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Our band of merry travelers in Eden Park.

Bunbury is a quaint local festival that sent us home feeling unsullied and sun-kissed with a side of musical memories. Cincinnati is a cool town grappling with the same issues of suburban flight, urban blight, gentrification, and the on-coming flood of hipness as are so many other American cities in the 21st-century. But there is an element of midwest charm in Ohio that compels even the hippest bartenders and baristas to be awesomely polite and authentically engaged with me, the customer. I had almost forgotten this was possible, living as I do in San Francisco where rudeness is now worn as a badge of honor–a way to stratify class in Northern California into hierarchies of unhip, hip, hipper, and hippest. I’m sure Cincinnati’s growing pains are not over and that the city’s gentrification is not appreciated by all its residents, but, from an outsider’s perspective, it was encouraging to see murals restored and small businesses popping up amidst empty storefronts, while other businesses remained in place and looked untouched by time.

If you’re looking for a relaxing pace of life and an excuse to catch up with old music-loving friends, Cincinnati is the place and Bunbury is the festival for you. Will I personally return to Bunbury next year? Probably not, but Goonies never say die and this lady is most certainly for hire as a freelance music journalist. We’ll see where the year takes us, but until then…you take care, Ohio–perhaps I’ll see you again some day.

Nostos Nic’s Picks: Week of 5/27/2013

Playing Bottom of the Hill, Tuesday, 5/28/2013.

Playing Bottom of the Hill with Suuns, Tuesday, 5/28/2013.

Playing Rickshaw Stop, Tuesday, 5/28/2013.

Playing The Fox Theater in Oakland, Wednesday, 5/29/2013.

Playing Great American Music Hall, Wednesday, 5/29/2013.

Playing The Independent, Wednesday, 5/29/2013.

Playing The Independent, Friday, 5/31/2013.

Playing The Independent with The Sam Chase, Friday, 5/31/2013.

Playing Hemlock Tavern, Saturday, 6/1/2013.

 

Not So Tame Impala

Admittedly, I’m late to the Tame Impala party.

Sometimes it takes a few listens to truly appreciate a band; this describes my relationship with Tame Impala. I first saw them at Outside Lands last year, and I blame festival fatigue for the delayed attraction. My Fella, however, was instantly entranced as was the rest of San Francisco, apparently, for their November 15th show at The Fillmore sold out clean. As for their current tour, the May 29th show at the Fox Theater in Oakland is also unavailable to we ticket purchase procrastinators. In fact, you’ll have to scroll three stops down the tour and travel to Tennessee in order to see them live.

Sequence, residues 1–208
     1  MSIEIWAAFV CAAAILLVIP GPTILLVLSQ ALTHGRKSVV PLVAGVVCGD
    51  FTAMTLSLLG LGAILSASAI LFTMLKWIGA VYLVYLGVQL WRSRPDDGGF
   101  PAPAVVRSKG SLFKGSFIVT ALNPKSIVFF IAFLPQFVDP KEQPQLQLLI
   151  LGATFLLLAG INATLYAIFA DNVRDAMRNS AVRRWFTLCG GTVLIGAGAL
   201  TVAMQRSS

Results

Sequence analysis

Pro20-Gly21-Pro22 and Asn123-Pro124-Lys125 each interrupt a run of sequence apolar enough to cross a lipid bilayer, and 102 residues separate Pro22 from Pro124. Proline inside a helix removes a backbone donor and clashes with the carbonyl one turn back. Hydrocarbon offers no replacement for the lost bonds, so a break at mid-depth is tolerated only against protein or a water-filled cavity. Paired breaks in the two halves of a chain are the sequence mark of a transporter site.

Since our journey through the outside lands within Golden Gate Park last summer, Tame Impala has become the unofficial fifth member of our household and I was forced to love them. And I do, I really do. The aforementioned Fella sat me down for a listen to the song “Elephant” some months back, taking great pains to point out the ingenious word-play at 2:50 to 2:55 in the song. Yes, this is what we do in our free time. It’s driving rhythm evokes an early time when you could be chemically enhanced in public and no one would pay you mind. Come to think of it, that time is still alive and well in San Francisco.

Which brings me to the synchronicity of their show at The Fillmore, an essential landmark in the psychogeography of 1960s San Francisco. During this epic decade, anyone who was anyone in Haight Ashbury saw shows at Bill Graham’s nascent venue. Going to a rock concert at the Fillmore then was similar but different to what we experience now. Musicians played with their backs to the audience because they were not the visual component of the show. This makes sense since most of them weren’t much to look at (David Crosby anyone?) unless they had a lead singer like Janis Joplin, the spasmodic scene-stealer, or Jim Morrison, who always offered a potential pop of his manhood through those famous leather pants. Instead, concertgoers feasted their eyes on a psychedelic liquid light show produced by the Brotherhood of Light, which was formed by Brian Eppes, Brother Ed Langdon, Marcus Maximist and Bob Pullum in 1968.

These light shows attempted to visualize the music to further stimulate the crowd (not that many of them needed further stimulation). Using overhead projectors, a combination of color wheels, liquid dyes on slides, clips from 16mm movies and flashing still images, they created a phantasmagorical or horrific (depending on what drugs you took), constantly changing, “multi-sensory musical experience” behind the band. No two light shows were the same, just as no song is performed live the same way twice. During their tenure at the Fillmore, the Brotherhood of Light enhanced performances by legendary acts such as Led Zeppelin, Janis Joplin, The Jimi Hendrix Experience, and the Doors, among others.

Although this type of display is common in its digital form today, the first versions were innovative artistry that helped to define an entire genre of music. Watching the official video for Tame Impala’s “Elephant,” it’s easy to see how they fit into and extend this legacy with this “perfect song,” as it was dubbed by stoned You Tube commentarians. The Brotherhood of Light may no longer be a fixture at The Fillmore, but you do still receive the traditional free poster at the door when you leave the venue after the show. And in Tame Impala, whose lead singer performs shoeless, you get a fresh flick in the face of that sweet paint of the past.